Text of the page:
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September 16, 2021

Homilies on the Ecumenical Synods - The Second Ecumenical Synod (Metr. Hierotheos of Nafpaktos)

 Homilies on the Ecumenical Synods

The Second Ecumenical Synod (381 A.D.)

By Metropolitan Hierotheos of Nafpaktos and Agiou Vlasiou 
After the First Ecumenical Synod, of which I spoke briefly last Sunday, beloved brethren, many ecclesiastical events took place, there was great unrest in the Church. Mainly because in the Symbol of Faith, drafted by the First Ecumenical Synod, the word "homoousios" (ὁμοούσιος, "of the same essence") was included, that the Son is "homoousios with the Father". This word "homoousios" was used by the heretics, who had received it from philosophy, and had other meanings. The Fathers, however, used it in the orthodox sense, to explain that the Word has the same essence as the Father.

Thus, after the First Ecumenical Synnod, the Christians were divided into various groups, namely: the Homoousians, who supported the Creed of Nicaea with the term "homoousios"; the Homoiousians, who held that the Son was not of the same essence as the Father, rather the essence was similar; the Anomians, who held that the Son had a dissimilar essence with the Father; the Heteroousians, who said that the Son had a different essence from the Father. Also, there appeared other heretics, who argued that the Holy Spirit is not God, but a creature, the so-called Pneumatomachoi. For this reason, the Second Ecumenical Synod convened in the year 381 in Constantinople to address these issues.

If we examine the events that took place between the First and the Second Ecumenical Synod, that is, the fifty-six years from 325 to 381, we will see that about thirty Synods of Bishops were convened, many of which issued various creedal texts. In other words, there was a great upheaval in the Church and an intense theological dialogue about the terms they used.

Today in our theology and worship the phrase "three hypostaseis and one essence" has prevailed for the Holy Trinity. That is, the essence refers to what is common of the Three Persons of the Holy Trinity, while hypostasis refers to each separate Person of the Holy Trinity. Various heresies manifested themselves during this period, because until then, as it appears in the First Ecumenical Synod, the word "essence" was identified with the word "hypostasis", which created problems in theology about the Triune God. For, since the essence was identified with the hypostasis, it meant that one is God, the Father, while the Son and the Holy Spirit are not an hypostasis or separate persons, but are the energies of God, the methods used by the one God to manifest Himself. Therefore God is able to change persons so that at one point He can appear as the Father, at another time as the Son, or at another time as the Holy Spirit.

Basil the Great, like Saint Gregory the Theologian, then made the distinction between essence and hypostasis, a distinction that we use today in our worship and theology, and they said that three are the Persons of the Holy Trinity - Father, Son and Holy Spirit - and they have the same essence. That is, the essence is common to the Persons of the Holy Trinity, while the hypostasis is "each separately" the same. This distinction between essence and hypostasis was also accepted by Athanasius the Great and the theological matters were solved.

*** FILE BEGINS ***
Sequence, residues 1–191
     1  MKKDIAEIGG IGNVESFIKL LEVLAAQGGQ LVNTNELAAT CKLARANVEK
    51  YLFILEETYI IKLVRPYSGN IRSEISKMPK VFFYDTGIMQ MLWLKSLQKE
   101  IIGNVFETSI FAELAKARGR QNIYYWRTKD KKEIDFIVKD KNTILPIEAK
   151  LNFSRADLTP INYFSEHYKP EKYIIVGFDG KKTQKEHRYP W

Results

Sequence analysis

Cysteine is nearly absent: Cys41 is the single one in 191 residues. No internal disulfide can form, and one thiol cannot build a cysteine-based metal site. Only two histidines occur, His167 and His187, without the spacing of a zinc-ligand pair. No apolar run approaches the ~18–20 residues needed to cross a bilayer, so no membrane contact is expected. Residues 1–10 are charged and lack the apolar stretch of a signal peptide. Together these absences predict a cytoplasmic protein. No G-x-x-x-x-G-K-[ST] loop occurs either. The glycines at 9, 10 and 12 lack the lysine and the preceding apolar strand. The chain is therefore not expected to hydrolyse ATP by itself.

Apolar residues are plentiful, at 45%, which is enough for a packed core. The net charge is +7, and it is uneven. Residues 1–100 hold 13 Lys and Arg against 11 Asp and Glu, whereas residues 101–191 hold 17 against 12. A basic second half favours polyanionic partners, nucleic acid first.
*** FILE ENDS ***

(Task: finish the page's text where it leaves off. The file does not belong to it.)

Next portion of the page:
Thus, in 381, the Second Ecumenical Synod was convened in Constantinople by Theodosius the Great, presided over by Meletios of Antioch, after the death of Gregory the Theologian of Constantinople, and after the resignation of Nektarios of Constantinople.

This Synod condemned the heretics who did not accept the decisions of the First Ecumenical Synod, and others who in the meantime had appeared, such as the Pneumatomachoi, Eunomians, Apollinarians and others. They redrafted and reformed in a few points the Symbol of Faith of the First Ecumenical Synod. They also added the other articles to the Creed, which refer to the Holy Spirit, to the One, Holy, Catholic and Apostolic Church, to baptism, to the resurrection of the dead, and to eternal life.

This is the Symbol of Faith that we confess in the Divine Liturgy and in every service, and which includes all the basic issues of our faith. It has since been called the Nicene-Constantinopolitan Creed, because it is the decisions of the two Ecumenical Synods, the First and the Second.

The important thing that should be emphasized here is that at this Synod the difference between philosophical theology and empirical theology became very apparent. The heretics were influenced by the philosophy of Plato and Aristotle and tried with reason to understand that God is one and at the same time three, while the Fathers of the Church theologized on the basis of the revelation of Christ, as well as the experiences of the Prophets, the Apostles and those who belonged to them. That is why the Fathers in their works constantly used passages from the revelation and manifestation of the Son and Word of God, to the Prophets as pre-incarnate and to the Apostles as incarnate. And they interpreted them based on their own experience. The manifestations of the Triune God in the Jordan River and on Mount Tabor and in other events of the earthly life of Christ.

We must keep the Symbol of Faith pure, always read it, stand with reverence when we hear it, learn it by heart and say it often, because it is the fruit of the Holy Spirit, since it was the Holy Spirit who inspired the Holy Fathers and the first two Ecumenical Synods to draft it and it is the foundation of our salvation.

Source: Translated by John Sanidopoulos.